“I told my renters, ‘You have to interact with the community,’ ” she said. The formula seems to have worked. By 1997, galleries began sponsoring monthly art walks — now organized by the nonprofit Art on Alberta (www.artonalberta.org) — and the momentum hasn’t stopped.
One of the best times to stroll Northeast Alberta Street is on a lazy Sunday, when 20-somethings walk their dogs, cyclists converge on cafes, and a woman sells tamales from a cooler.
There is usually a long brunch line at the Tin Shed Garden Cafe (No. 1438 ; 503-288-6966; www.tinshedgardencafe.com), a spot that draws the flannel-and-fleece crowd to its rustic patio. Popular dishes include scrambled eggs with a vegetable pesto ($8.50). Another bustling brunch spot is Helser’s on Alberta (No. 1538; 503-281-1477; www.helsersonalberta.com), which serves all-day breakfasts of potato pancakes ($6.75) and brioche French toast ($6.95).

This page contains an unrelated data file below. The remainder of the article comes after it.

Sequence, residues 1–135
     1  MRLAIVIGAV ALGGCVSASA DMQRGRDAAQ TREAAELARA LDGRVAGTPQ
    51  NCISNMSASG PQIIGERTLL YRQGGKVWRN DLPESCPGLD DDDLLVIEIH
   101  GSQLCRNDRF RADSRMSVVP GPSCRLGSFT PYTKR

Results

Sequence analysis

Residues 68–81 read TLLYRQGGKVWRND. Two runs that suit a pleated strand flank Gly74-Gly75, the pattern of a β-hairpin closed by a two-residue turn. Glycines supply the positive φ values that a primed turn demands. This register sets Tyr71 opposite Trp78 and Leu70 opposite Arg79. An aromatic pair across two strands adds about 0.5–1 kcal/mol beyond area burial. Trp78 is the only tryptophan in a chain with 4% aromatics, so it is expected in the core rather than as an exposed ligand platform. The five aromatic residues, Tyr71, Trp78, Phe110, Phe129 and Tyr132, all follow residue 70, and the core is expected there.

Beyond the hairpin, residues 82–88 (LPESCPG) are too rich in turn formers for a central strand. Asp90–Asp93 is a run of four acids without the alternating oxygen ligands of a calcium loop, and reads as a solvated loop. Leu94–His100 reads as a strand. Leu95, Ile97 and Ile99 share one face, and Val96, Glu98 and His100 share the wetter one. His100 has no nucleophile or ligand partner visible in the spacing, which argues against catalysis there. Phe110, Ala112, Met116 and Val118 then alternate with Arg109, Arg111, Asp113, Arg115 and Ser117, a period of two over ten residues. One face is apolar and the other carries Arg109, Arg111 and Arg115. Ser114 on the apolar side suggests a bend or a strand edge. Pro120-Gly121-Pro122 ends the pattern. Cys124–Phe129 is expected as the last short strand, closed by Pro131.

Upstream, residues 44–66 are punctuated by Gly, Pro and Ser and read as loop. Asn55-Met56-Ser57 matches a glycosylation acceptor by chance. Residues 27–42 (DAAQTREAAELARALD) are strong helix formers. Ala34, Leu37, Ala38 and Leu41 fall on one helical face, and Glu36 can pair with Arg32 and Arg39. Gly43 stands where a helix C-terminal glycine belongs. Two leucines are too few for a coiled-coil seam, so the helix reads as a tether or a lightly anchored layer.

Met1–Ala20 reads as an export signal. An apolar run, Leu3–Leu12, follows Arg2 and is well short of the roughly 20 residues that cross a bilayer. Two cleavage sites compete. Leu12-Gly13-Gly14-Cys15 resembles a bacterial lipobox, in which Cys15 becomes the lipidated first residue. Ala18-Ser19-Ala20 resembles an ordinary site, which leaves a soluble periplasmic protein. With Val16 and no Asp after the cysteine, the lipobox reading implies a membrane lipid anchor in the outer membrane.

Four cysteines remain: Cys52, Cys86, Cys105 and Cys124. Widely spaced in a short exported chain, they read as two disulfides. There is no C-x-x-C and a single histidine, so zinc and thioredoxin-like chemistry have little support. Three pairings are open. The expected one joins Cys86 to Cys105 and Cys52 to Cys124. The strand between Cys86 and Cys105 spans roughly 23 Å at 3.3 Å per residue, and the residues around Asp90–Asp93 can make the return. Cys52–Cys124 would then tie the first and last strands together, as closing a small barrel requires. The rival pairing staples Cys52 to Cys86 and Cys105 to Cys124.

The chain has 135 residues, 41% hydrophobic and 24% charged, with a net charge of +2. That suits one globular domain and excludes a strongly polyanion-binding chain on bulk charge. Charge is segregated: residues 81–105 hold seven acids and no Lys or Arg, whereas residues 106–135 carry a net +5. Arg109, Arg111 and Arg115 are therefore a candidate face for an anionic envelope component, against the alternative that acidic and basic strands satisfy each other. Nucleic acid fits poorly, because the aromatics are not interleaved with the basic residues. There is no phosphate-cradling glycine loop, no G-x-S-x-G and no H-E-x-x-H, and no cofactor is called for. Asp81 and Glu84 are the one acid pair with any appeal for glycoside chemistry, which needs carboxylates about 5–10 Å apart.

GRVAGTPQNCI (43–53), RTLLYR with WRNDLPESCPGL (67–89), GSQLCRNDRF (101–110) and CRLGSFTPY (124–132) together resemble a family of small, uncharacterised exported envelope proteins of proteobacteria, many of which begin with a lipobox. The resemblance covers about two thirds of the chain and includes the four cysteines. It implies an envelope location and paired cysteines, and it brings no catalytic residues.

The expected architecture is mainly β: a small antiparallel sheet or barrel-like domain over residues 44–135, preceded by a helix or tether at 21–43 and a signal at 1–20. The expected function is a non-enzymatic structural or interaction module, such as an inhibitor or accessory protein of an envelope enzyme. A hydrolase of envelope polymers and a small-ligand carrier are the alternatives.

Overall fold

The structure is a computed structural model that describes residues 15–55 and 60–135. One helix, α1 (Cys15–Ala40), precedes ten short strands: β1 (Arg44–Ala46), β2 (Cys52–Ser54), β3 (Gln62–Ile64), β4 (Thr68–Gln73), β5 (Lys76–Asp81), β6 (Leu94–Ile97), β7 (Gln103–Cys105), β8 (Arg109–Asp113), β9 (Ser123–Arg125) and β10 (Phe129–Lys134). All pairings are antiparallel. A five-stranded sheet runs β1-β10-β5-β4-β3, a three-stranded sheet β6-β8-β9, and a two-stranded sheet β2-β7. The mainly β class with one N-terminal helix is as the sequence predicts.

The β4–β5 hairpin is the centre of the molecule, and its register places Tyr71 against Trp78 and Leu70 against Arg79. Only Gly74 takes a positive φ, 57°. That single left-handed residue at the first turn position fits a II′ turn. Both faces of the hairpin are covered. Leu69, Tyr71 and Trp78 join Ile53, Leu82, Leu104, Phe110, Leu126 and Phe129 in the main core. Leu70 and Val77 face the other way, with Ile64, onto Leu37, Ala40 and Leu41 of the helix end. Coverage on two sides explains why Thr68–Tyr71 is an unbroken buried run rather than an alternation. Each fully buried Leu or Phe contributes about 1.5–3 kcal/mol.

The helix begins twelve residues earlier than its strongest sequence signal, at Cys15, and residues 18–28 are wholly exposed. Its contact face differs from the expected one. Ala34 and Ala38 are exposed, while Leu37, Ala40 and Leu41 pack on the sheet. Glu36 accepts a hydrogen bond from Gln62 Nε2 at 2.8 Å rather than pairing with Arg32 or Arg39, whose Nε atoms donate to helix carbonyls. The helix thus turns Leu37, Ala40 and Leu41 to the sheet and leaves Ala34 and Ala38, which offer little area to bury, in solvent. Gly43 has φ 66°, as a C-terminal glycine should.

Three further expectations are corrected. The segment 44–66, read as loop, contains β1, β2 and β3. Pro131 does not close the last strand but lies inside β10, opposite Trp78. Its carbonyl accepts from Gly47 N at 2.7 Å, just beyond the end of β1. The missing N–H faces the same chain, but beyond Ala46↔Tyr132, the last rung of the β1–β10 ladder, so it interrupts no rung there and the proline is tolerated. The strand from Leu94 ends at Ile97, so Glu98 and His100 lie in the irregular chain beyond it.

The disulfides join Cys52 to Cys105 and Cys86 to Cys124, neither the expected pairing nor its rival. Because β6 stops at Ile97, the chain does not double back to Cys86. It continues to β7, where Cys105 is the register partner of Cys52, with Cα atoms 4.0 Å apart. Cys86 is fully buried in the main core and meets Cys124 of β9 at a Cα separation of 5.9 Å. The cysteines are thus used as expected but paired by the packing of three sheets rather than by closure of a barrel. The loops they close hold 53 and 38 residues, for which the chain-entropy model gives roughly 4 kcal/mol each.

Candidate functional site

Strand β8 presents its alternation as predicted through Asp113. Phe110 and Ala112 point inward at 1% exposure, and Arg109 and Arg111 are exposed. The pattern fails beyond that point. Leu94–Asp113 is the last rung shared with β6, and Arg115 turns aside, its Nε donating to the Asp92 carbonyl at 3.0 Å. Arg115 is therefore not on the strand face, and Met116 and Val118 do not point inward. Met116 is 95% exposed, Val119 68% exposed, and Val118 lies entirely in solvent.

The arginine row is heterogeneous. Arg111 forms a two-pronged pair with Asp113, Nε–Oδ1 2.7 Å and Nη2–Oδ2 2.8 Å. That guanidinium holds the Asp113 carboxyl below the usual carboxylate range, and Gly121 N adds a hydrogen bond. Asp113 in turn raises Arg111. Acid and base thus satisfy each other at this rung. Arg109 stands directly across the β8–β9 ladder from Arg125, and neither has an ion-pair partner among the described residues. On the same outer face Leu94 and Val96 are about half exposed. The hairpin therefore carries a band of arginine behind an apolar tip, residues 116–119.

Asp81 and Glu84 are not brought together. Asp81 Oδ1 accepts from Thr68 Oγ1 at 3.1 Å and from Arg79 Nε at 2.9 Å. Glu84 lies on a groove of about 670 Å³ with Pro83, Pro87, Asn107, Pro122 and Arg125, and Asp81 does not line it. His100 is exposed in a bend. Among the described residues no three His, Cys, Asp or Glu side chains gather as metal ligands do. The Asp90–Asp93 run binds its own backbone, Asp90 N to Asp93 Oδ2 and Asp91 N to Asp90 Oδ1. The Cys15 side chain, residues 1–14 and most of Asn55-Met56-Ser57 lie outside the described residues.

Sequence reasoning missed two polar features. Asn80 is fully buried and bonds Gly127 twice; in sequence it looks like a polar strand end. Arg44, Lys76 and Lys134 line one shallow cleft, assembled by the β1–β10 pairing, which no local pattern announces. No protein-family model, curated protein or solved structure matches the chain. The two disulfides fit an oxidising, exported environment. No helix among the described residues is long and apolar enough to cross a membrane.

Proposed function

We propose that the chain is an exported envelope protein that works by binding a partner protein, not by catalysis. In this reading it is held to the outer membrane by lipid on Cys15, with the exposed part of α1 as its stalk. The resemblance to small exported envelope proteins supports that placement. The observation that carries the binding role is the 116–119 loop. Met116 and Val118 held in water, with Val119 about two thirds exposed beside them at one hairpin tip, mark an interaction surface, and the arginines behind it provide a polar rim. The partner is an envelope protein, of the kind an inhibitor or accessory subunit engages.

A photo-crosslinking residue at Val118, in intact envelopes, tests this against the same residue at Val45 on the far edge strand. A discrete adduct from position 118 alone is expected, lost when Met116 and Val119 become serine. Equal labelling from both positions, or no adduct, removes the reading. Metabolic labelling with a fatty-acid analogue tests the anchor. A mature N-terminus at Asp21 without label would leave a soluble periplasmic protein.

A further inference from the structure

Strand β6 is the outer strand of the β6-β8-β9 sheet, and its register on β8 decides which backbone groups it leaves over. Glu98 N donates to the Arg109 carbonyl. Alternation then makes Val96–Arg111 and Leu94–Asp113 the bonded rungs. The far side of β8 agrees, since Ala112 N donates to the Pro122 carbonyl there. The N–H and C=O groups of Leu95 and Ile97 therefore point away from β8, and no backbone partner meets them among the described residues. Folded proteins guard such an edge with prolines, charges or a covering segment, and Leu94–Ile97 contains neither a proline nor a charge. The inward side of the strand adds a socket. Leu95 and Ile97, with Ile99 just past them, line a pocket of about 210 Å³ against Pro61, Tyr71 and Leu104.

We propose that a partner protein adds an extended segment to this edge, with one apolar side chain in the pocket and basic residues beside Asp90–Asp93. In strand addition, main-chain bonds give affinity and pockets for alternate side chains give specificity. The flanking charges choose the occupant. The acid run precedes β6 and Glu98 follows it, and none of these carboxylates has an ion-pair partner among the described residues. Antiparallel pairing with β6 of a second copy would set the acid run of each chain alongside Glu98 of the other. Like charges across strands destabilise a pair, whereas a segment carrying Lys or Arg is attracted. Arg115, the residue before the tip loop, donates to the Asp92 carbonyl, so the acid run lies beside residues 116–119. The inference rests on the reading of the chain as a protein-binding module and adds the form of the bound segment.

By early afternoon, traffic picks up at the street’s half-dozen galleries. Onda (No. 2215; 503-493-1909; www.ondagallery.com), one of the neighborhood’s oldest galleries, showcases Nicaraguan pottery, Cuban posters and other Latin American treasures. Nearby, the Guardino Gallery (No. 2939; 503-281-9048; www.guardinogallery.com) exhibits contemporary art and crafts from the Pacific Northwest.
Sunday is also a good day to hit the street’s indie fashion boutiques. Shop owners are usually around and happy to chat, giving Northeast Alberta Street the air of a working artists’ colony.
Over at Garnish (No. 1524; 503-282-3200; www.garnishapparel.com), you might catch the owner, Erica Lurie, a former Adidas apparel developer, arranging colorful knit skirts on the sidewalk or taking measurements inside her narrow white store.
The street lures graphic designers, too: A favorite hangout is OFFICE PDX (No. 2204; 888-355-7467; www.officepdx.com), a retail hybrid that combines a design store, art gallery and graphic design studio where one can buy a “Mad Men”-style desktop pen holder and then attend a lecture by a visiting designer from Herman Miller Inc.
“We moved to Portland with the specific idea of being part of this neighborhood,” said Kelly Coller, who owns OFFICE PDX with her husband, Tony Secolo, a designer (both are Seattle transplants). “It’s where the designers were already living.”